November 8, 2023
A Quick Story
I have no phonemic awareness. Zero. I have no idea what letters are supposed to sound like in words. I can’t sound out words. In fact, I was saying ‘Hermione’ from Harry Potter wrong for years before I met someone else who read the books and said her name correctly.
I’m not really sure what happened. I make the joke that I must have just missed the lesson on letter sounds every single year in elementary school. But, I think it is more that I read so much as a kid and never had to say words out loud, that I just learned to make-do as I read.
What’s Your Point?
I tell you this story to showcase how someone who others may consider “smart” may not have the prior knowledge we assume. As an instructional designer, I often hear my subject matter experts say “well students should know how to do that already,” or “well they should have learned that in undergrad.”
But, what if your students did learn it, but they never mastered it?
This mindset leads SMEs to write their assignment instructions generically with little to no additional guidance. For example, “write a literature review on the topic of x.” These assumptions and lack of directions in assignment instructions leads to frustration from the student AND the instructor. The student may not fully grasp the prior knowledge needed to succeed and the instructor’s expectations will not be met since no additional guidance was provided.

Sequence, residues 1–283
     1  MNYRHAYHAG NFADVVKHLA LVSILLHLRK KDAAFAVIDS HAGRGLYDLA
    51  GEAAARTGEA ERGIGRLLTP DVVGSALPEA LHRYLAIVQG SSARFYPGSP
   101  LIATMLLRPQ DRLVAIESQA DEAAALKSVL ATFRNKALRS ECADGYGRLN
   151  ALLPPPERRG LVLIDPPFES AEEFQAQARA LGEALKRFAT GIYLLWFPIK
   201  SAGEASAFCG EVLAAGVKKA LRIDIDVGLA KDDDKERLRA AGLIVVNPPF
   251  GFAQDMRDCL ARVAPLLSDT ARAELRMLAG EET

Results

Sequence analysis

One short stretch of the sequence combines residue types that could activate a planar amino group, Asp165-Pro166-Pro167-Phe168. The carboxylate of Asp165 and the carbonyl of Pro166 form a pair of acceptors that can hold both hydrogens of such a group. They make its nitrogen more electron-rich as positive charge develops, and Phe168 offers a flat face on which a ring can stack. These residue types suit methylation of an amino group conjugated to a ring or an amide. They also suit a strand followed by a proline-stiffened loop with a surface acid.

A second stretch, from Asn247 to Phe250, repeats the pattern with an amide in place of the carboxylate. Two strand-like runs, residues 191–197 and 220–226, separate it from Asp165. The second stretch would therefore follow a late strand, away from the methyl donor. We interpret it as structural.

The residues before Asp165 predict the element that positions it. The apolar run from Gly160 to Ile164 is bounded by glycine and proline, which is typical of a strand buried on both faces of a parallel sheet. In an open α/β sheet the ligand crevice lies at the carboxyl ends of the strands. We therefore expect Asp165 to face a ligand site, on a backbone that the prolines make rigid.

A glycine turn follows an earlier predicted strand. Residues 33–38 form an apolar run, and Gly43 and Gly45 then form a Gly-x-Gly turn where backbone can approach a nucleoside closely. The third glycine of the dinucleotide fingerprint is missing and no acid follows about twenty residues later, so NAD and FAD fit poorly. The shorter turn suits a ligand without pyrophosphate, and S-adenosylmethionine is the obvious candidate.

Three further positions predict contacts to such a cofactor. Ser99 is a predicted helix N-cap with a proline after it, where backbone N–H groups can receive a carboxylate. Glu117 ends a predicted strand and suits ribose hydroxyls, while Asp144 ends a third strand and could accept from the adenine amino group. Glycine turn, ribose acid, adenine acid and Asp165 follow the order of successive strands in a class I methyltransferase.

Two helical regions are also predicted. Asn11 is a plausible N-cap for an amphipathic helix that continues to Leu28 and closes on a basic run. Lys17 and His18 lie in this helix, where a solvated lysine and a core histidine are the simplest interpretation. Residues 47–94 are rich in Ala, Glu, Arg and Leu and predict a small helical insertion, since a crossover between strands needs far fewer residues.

Students can’t meet expectations that aren’t communicated to them.
What You Can Do
Before writing assignment instructions, think about the vast amounts of prior knowledge that your students will have coming into the course. Consider where students have struggled in the past, where they may need additional guidance, and try to make connections.
Provide additional guidance on assignments with a rubric and/or specific expectations. This allows students to understand your definition of a certain task and meet your expectations, leading students to succeed.
Provide detailed instructions for how to do certain tasks, even if students should have learned how to do it previously. They may have forgotten the steps or may need more information to succeed.
Provide examples to students that either you have created or previous students have submitted (with their permission, of course).
What are some ways you ensure that your students succeed?